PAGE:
The eggs files
When asked by new residents or turistas where they can find great New Mexican food in Santa Fe within walking distance of the Plaza, my definitive answer for more than a quarter century has been, “Tia Sophia’s. Nothing else will do. But be prepared to wait for a table.”
Opened in the spring of 1975 in a building on West San Francisco Street that was once occupied by a Chinese-food joint, Tia Sophia’s takes its name from former local-eatery matriarch and Greek immigrant Sophia Aleck, who passed away in 2004 (her children have operated Tomasita’s, Tia Sophia’s, and Diego’s Café throughout the years).
The business moved across the street in the early 1980s, which is when I discovered its many heat-inducing culinary treasures. In keeping with tradition, Tia Sophia’s still maintains a shelf of children’s books for perusal by fidgety and curious kiddos. Those foolishly hoping to score a fast table at 12:30 p.m. on a Friday at the peak of the summer tourist season are given a number and asked to wait patiently along the walls of the restaurant’s entryway, leaving a clear path to the cash register, where takeout is picked up and all checks are paid on the way out the door. Some are better at exercising patience and avoiding bottlenecks than others, but for the most part, the process runs smoothly and everyone remains courteous.
At a recent breakfast, a mammoth flour tortilla enveloped mounds of house-made chorizo and shredded potatoes. The menu’s description of the chorizo burrito, only available on Saturday mornings, says “HOT & SPICY.” Mine was tame, even by tourist standards. Making up for it was a slightly acidic, deeply hued red chile sauce and green chile sauce that presented deep roasted-chile flavor and a pleasant vegetal sweetness. Both were spicy enough to appease local chile heads, though the red was much hotter and thicker than the green.
I ordered a sunny-side-up egg atop my chorizo beastie, but it never arrived. When I asked the server about it she said, “It’s inside the burrito, scrambled. The kitchen said it tastes better that way.” Um — huh? I looked inside: no egg, scrambled or otherwise. I alerted the server and explained that I no longer wanted an egg because of time constraints. Her response was, “That’s the second time that’s happened this morning! You saved a buck, at least.” I wasn’t sure if she was talking about the second time an egg had been forgotten by the kitchen — or the second time she’d fabricated its existence for a bewildered longtime customer.
An omelet stuffed with creamy, chunky house-made guacamole and cheddar cheese was delicious, and lightly buttered wheat toast arrived warm with small packets of takeaway jam. Accompanying pinto beans served in a separate dish had good flavor and adequate seasoning, but they arrived tepid. A blueberry pancake we had ordered never arrived, but we weren’t charged for it.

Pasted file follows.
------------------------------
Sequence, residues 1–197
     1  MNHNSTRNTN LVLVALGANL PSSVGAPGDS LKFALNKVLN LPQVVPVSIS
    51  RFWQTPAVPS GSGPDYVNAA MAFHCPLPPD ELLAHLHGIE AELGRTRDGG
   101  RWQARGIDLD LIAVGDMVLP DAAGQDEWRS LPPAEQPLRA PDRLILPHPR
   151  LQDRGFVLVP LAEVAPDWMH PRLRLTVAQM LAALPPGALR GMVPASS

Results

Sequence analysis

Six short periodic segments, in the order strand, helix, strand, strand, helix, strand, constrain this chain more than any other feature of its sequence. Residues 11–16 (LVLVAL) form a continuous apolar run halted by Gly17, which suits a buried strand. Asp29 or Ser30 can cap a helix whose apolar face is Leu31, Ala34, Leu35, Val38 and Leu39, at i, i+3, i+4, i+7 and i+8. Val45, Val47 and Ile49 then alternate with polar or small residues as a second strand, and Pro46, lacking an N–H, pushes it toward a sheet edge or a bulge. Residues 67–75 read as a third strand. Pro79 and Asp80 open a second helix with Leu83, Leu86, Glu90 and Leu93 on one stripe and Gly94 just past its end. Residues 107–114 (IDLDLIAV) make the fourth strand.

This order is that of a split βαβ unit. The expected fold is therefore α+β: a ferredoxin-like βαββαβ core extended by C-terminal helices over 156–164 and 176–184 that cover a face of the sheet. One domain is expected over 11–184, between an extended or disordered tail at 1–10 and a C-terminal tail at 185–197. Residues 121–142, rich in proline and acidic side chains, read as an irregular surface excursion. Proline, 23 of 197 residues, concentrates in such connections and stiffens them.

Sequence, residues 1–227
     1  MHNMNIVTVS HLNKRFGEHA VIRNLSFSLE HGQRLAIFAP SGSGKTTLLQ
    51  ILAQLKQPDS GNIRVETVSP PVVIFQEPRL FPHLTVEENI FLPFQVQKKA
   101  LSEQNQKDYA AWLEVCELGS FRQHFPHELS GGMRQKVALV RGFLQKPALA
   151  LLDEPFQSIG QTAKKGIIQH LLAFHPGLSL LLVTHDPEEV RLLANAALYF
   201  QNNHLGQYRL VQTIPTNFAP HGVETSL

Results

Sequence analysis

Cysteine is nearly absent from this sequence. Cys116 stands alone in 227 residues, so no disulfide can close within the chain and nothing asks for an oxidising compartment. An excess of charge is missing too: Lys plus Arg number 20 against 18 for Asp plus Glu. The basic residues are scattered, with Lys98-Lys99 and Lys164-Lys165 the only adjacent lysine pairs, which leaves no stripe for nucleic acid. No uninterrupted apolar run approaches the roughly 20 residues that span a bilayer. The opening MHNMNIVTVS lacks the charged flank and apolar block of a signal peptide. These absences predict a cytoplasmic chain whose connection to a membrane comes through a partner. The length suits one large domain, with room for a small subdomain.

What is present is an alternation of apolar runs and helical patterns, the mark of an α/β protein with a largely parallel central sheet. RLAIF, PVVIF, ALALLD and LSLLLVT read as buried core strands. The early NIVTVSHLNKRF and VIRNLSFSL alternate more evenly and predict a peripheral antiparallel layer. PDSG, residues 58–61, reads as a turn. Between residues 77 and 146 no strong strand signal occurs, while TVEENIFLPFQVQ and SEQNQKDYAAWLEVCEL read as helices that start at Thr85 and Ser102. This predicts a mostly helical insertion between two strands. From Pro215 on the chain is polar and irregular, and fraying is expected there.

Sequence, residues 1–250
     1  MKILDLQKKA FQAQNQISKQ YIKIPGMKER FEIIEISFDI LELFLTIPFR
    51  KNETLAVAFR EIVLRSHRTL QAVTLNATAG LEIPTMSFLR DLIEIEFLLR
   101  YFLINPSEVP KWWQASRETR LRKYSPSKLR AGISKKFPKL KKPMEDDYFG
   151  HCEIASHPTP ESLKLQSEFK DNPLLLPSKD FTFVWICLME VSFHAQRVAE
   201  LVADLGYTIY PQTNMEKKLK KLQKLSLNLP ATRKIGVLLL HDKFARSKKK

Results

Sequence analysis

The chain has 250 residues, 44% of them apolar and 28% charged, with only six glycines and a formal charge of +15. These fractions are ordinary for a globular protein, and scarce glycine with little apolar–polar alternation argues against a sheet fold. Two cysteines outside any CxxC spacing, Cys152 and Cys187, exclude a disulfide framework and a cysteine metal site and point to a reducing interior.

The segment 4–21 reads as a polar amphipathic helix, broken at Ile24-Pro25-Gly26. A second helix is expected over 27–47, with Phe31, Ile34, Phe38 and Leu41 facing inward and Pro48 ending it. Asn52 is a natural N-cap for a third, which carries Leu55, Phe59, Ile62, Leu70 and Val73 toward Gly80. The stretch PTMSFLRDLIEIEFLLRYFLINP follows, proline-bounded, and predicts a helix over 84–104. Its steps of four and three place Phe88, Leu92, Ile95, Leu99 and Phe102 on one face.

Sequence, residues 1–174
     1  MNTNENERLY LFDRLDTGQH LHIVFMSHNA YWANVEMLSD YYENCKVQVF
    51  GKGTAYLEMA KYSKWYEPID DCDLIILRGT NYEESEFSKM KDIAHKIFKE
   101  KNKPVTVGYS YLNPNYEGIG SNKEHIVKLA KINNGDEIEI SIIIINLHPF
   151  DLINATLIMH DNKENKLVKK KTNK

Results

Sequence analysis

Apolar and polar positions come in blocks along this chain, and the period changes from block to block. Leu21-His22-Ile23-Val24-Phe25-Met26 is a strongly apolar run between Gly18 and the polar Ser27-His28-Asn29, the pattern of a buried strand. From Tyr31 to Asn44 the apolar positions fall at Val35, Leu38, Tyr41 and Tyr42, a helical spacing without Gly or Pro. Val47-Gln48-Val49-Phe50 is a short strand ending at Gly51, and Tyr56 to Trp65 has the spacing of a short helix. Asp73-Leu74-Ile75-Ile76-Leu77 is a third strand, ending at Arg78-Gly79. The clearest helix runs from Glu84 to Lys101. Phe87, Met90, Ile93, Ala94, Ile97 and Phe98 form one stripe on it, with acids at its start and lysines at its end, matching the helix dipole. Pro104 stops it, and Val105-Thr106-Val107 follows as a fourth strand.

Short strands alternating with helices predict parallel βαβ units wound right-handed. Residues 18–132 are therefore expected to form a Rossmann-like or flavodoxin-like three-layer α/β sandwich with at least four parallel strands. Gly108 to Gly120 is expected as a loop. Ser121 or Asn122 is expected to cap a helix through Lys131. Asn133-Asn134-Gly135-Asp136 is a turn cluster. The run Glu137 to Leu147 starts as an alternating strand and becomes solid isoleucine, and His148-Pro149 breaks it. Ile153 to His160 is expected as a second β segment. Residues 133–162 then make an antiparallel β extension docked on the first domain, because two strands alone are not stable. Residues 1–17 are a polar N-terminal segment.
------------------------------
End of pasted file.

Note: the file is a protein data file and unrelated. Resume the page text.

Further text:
At lunch a few days earlier, I ordered the Atrisco Plate — green chile stew, posole (always made with pork), pinto beans, and a cheese enchilada made with a yellowcorn tortilla and topped with cheddar cheese as well as your choice of chile sauces. At Tia Sophia’s my motto is go Christmas (red and green) or go home. The heavenly, spicy stew anointed with generous chunks of fork-tender pork was spooned directly onto a sizzle plate alongside what I assumed was my enchilada. While delicious, the dish was a soupy obstacle course. The kitchen had forgotten to put the enchilada on my plate but remembered to plate its various components (chile sauces, cheddar cheese, shredded lettuce, and diced tomato). I shoveled forkfuls of them onto planks of fluffy, piping-hot sopaipilla — one is included with many of the lunch-entrée choices — while I waited for three warm corn tortillas, which my server graciously offered for free to compensate for my enchilada-impaired situation.
Service at Tia Sophia’s is always friendly but can be hurried and scattered during busy times. Iced teas and sodas, which come with free refills, sit empty until glasses overflowing with crushed ice (leaving no room for much tea or soda to begin with) are hoisted toward a bus person or server with a look of desperation. The service has always been this way, and I and others put up with it because we have certain food addictions that must be satisfied at a fair price. However, I’ve never before encountered an invisible egg with a side of excuses or shape-shifting taco. These are firsts for me at Tia Sophia’s. I hope they are lasts.